The DNR requires air monitoring for particulates at some sand mining operations, but most companies are allowed to bypass the requirement, says Jeffery Johnson, a DNR environmental engineering supervisor. Johnson knows of only one Wisconsin frac-sand processing plant — operated by EOG Resources, formerly Enron, of Houston, Texas — with air monitors. That was done in response to concerns from its Chippewa Falls neighbors.
A major problem is that most studies on crystalline silica focused on exposure in the workplace, Pierce says. The National Institute for Occupational Safety and Health reported 75 deaths in Wisconsin between 1996 and 2005 from silicosis, primarily among workers in manufacturing, construction and mining.
A DNR draft study released in December confirmed potential risks from the airborne particles. But it found that just five states regulate crystalline silica outside the workplace, and only two — Texas and California — have the authority to require specific monitoring for it.
The report recommended no additional regulation. The Natural Resources Board is expected to take up the issue once the report is finished in September or October.
Efforts to fight mining failFor two years, Patricia Popple, a resident of Chippewa Falls, fought frac-sand operations in Chippewa County. Her group, Concerned Chippewa Citizens, even filed two lawsuits against the city to block a processing plant. But plans are still moving forward, and Popple has turned to advising other communities in similar positions to act quickly.
Two unzoned townships in Chippewa County also have unsuccessfully tried to block proposed mines. The towns of Howard and Cooks Valley in recent years each passed ordinances to stop sand-mining projects, but Chippewa County Circuit judges threw both out, ruling the zoning laws were invalid without county board approval.
Cooks Valley took its case to the state Court of Appeals, where officials argued they had enacted a regulatory ordinance, not a zoning ordinance. The appellate court said the matter required further clarification from the state Supreme Court, which has not announced whether it will take the case.
After being contacted by constituents in her western Wisconsin district where mines are springing up, Sen. Kathleen Vinehout, D-Alma, asked the nonpartisan Legislative Council for clarification on what local communities can do to regulate them. The council determined that zoning is the most direct option, but it cannot be applied after plans for mining are under way.
Vinehout says she’s seeking ideas from residents and other states about regulating nonmetallic mines.
“I think everybody is very interested in economic development,” Vinehout says, “but we’re very concerned about losing our environmental resources.”
Six Republican legislators who have frac-sand operations in their districts were contacted for this story but didn’t immediately respond to requests for comment.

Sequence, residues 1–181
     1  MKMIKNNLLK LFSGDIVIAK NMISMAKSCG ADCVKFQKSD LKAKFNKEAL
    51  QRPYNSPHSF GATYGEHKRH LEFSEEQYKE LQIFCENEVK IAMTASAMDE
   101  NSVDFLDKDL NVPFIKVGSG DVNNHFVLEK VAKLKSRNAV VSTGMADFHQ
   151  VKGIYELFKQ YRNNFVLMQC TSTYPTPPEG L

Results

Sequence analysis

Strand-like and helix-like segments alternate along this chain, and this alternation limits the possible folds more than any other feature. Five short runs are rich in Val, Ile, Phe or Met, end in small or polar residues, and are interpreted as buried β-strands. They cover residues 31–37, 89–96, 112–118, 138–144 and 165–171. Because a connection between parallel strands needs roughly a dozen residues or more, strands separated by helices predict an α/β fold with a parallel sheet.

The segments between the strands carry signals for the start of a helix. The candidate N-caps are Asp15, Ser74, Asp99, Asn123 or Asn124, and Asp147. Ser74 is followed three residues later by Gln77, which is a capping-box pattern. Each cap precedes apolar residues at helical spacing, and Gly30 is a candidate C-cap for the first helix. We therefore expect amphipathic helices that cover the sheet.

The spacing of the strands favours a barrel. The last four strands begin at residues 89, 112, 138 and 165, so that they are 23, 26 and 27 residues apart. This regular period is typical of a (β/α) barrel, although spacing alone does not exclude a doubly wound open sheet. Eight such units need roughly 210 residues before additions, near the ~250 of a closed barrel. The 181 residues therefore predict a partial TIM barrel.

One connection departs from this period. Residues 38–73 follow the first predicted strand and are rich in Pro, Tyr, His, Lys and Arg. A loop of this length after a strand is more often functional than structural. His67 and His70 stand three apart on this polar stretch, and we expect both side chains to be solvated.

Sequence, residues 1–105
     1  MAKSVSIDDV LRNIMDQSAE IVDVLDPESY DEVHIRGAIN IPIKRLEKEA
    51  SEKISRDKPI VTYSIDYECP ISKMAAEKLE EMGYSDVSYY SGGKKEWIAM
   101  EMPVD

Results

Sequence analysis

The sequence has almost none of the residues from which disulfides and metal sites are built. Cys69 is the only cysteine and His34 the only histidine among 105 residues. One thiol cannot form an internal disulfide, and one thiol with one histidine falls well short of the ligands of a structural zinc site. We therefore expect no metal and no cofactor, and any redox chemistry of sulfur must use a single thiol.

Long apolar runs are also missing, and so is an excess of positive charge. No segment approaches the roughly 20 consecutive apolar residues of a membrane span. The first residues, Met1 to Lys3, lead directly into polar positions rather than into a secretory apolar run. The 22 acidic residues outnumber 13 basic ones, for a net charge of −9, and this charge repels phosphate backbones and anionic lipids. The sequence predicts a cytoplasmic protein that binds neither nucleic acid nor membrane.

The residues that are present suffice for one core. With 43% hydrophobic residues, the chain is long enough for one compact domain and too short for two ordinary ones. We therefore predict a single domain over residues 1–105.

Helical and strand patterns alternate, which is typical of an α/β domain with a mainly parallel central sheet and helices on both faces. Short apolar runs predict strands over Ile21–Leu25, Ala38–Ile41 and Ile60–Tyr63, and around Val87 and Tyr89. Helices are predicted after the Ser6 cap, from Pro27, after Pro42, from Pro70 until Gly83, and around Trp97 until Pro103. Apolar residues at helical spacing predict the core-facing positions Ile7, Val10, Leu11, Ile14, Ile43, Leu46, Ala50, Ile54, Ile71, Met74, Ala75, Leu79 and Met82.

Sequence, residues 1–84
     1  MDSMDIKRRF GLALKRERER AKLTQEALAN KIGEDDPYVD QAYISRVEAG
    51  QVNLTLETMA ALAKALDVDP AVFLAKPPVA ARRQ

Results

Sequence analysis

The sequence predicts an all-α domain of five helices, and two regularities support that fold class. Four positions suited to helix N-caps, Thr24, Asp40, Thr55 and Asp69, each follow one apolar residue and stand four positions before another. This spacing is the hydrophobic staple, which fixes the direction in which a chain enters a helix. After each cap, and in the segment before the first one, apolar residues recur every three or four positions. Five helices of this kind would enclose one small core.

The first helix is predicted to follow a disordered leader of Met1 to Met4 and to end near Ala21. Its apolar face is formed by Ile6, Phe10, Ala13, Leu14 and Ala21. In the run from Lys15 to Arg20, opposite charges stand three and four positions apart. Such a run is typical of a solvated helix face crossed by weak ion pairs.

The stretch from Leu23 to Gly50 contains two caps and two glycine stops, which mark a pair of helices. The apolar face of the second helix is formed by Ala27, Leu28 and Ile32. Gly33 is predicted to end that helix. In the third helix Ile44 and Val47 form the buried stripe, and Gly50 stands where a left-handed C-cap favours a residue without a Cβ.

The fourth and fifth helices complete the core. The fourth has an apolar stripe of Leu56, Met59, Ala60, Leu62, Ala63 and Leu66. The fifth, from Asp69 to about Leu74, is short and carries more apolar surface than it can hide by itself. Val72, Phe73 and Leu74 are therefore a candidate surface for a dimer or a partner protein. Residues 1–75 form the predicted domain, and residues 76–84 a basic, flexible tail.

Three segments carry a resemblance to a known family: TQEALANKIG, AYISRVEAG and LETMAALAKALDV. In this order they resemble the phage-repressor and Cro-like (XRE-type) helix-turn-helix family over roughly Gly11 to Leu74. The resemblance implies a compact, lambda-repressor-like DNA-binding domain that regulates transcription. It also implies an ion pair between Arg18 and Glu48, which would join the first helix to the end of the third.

Tunnel City girds for a fightTunnel City residents asked pointed questions about the proposed mine’s effects on water, noise and health during a July 6 presentation at Greenfield Town Hall. They worry about sand getting into their wells. They worry about noise, health and potential depletion of water springs.
Officials from Unimin, which has spent nearly $9.5 million since May 31 to buy 721 acres in Monroe County, said the Tunnel City mine would be unobtrusive and its processing plant completely enclosed and the company would not mine into the water table.
“If Unimin were to walk away today, I am certain, without a doubt, there will be other sand companies that come and look and come and try to set up,” said Unimin vice president Chuck Collins. “We’re No. 1 in the industry in frac sand, we’ll continue to be with or without a plant here. The next company that comes along will not be No. 1.”
Days before the meeting, resident Will Koukios and his neighbor, Tim Harmon, had confronted Greenfield Town Chairman Stephen Witt about why he had not alerted residents to the project. Witt acknowledges he knew about the mining company’s plans as early as June 16, when his own mother told him that she’d been asked to sell her property. But Witt said he agreed not to widely publicize their plans until Unimin was ready to make its announcement.
“If anybody has the responsibility to inform us,” Koukios says, “it’s him.”
Witt says after he heard about Unimin’s plans, he spoke with company representatives and took a tour of its processing plant near Mankato, Minn. He was impressed by the operation, saying the company appears to do a good job.
Witt’s mother and brother ended up selling their properties to Unimin, prompting some residents to question whether Witt had a conflict of interest as town board chairman. Witt acknowledges that he is the administrator of his mother’s estate but says he’s never looked at the will to see whether he would benefit. He also says town attorney Rick Radcliffe has advised him there is no conflict of interest. As far as Witt’s concerned, he’s representing the Greenfield voters as best he can.
Monroe County Supervisor Gail Chapman also has been approached to sell his land. He says he has made no decision yet.
“Our farm has been in the family for … 120-some years,” Chapman says. “I think that our family will not sell that for that purpose, but it’s my thinking anyway.”
Meanwhile, the Greenfield Town Board is negotiating with Unimin over land use issues, including protecting the town’s roads. And officials are considering whether to adopt zoning to protect the town — in case another mine comes in.
Also reporting for this story were Julie Strupp, Lauren Hasler and the Tribune’s Chris Hubbuch.